Crack Your Own DNA Code

Illustration by Brian Stauffer

Jonathan Zittrain, a 43-year-old Harvard law professor, went to the hospital suffering from a mysterious fever when his doctors found a mass in his liver that they couldn't explain. To find out just what was wrong, Zittrain turned to a test he had ordered online previously from 23andMe, the largest company in an expanding field of "personal genomics," which teases out your genetic info from a saliva sample as if you were a perp on CSI and estimates your risk for more than 100 diseases and conditions. A very ill Zittrain found that he was at high risk for blood clots – "venous thromboembolism" – a clue that helped his doctors figure out his liver had enlarged due to a clot, which they removed. He soon recovered completely. "I'm a data-driven guy," says Zittrain, "and I saw the test as more than just a curiosity."


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Ten years ago, the Human Genome Project deciphered the entire human DNA code at a cost of about $3 billion. What no one dreamed at the time was that the technology would quickly become so accessible and so cheap. 23andMe, for one, recently slashed the price of its product to $99 and aims to serve a million people by the end of this year. The genomic panels offered by 23andMe and its competitors can arm us with data about disease risk that we can use to help make lifestyle decisions or, as in Zittrain's case, pull out of our pocket in an emergency. And while doctors are not yet routinely sending off samples to personal genomic companies, this simple online test is one of the most all-encompassing – and high-tech – ways to take health care into your own hands.

What Our Genes Tell Us

Unlike blood work or an MRI, a genetic test is neither invasive nor time-consuming. The drill goes something like this: You order a test off the website of 23andMe or Massachusetts-based Inherent Health, and when it arrives in the mail, you produce the DNA sample – a vial of saliva for 23andMe and a cheek swab for Inherent – and mail it back. In about a month, the genetic analysis will be sent to you via email. Or, in the case of San Diego-based Pathway Genomics, a doctor orders the test, receives the results electronically, and interprets them for the patient, usually with the help of a script provided by Pathway.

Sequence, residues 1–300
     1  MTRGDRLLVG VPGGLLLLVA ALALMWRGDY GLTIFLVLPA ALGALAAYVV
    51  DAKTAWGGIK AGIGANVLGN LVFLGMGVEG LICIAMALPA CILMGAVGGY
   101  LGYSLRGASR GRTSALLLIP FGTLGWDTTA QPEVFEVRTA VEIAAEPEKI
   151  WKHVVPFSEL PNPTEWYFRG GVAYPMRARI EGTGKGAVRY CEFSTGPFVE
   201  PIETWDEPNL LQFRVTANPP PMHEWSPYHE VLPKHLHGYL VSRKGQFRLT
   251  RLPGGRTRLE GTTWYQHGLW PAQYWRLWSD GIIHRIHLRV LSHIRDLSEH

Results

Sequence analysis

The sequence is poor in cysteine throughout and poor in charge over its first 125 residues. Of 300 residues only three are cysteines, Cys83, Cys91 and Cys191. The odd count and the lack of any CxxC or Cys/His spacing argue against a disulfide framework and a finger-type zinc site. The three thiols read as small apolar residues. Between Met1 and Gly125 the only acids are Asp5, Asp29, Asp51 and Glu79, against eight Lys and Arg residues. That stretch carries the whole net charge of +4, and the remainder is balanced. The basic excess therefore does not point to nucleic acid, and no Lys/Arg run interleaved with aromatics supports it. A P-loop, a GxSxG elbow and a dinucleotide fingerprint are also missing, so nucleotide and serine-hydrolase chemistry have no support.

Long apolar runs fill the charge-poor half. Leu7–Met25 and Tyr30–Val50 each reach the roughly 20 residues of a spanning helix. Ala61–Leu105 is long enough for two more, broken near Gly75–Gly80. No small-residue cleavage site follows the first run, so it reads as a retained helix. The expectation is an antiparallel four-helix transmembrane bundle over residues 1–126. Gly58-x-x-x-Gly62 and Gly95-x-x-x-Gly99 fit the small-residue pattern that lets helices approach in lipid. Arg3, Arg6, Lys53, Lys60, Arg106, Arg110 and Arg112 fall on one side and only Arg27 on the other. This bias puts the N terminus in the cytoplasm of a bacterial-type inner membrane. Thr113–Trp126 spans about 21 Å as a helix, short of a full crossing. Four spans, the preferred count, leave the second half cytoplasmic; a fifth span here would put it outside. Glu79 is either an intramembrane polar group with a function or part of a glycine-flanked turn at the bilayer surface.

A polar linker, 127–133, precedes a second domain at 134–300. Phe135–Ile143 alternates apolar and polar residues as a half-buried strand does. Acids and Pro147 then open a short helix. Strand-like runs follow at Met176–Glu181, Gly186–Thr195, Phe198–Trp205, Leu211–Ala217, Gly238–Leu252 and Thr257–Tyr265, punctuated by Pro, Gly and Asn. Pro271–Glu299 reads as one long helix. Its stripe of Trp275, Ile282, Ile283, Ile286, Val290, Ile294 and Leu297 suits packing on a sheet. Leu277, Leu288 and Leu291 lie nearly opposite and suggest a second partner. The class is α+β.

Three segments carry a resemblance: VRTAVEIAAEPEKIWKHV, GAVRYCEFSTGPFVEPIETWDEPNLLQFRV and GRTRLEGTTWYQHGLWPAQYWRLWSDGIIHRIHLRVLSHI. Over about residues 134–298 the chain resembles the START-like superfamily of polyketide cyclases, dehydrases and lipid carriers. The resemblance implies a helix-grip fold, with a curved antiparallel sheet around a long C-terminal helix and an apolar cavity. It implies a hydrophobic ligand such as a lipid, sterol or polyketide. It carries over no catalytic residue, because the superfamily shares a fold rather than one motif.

When you get your results from a genetic test, don't expect to find out if you've got cancer or how your cholesterol is responding to medication. That kind of information requires interacting with a doctor and getting biopsies or blood tests – the old-school routine. What you will get, with 23andMe, for instance, is an estimated lifetime risk for 120 diseases including asthma, gallstones, rheumatoid arthritis, and scoliosis. If you so choose, you will also receive information on more lethal diseases like Alzheimer's or Parkinson's, which Google co-founder Sergey Brin discovered he had a 50 percent chance of developing by the age of 70. (He donated money to 23andMe, which was co-founded by his wife, Anne Wojcicki, to subsidize its Parkinson's research.) The panel also tests for 50 diseases that are caused by much less common gene mutations, like cystic fibrosis or sickle-cell anemia, and sensitivities to dozens of drugs.

"These tests give people a better idea of where they are and where they need to be," says San Diego-based cardiologist Samir Damani. "It's a probabilistic look at your health that is a critical component of an integrated approach to wellness."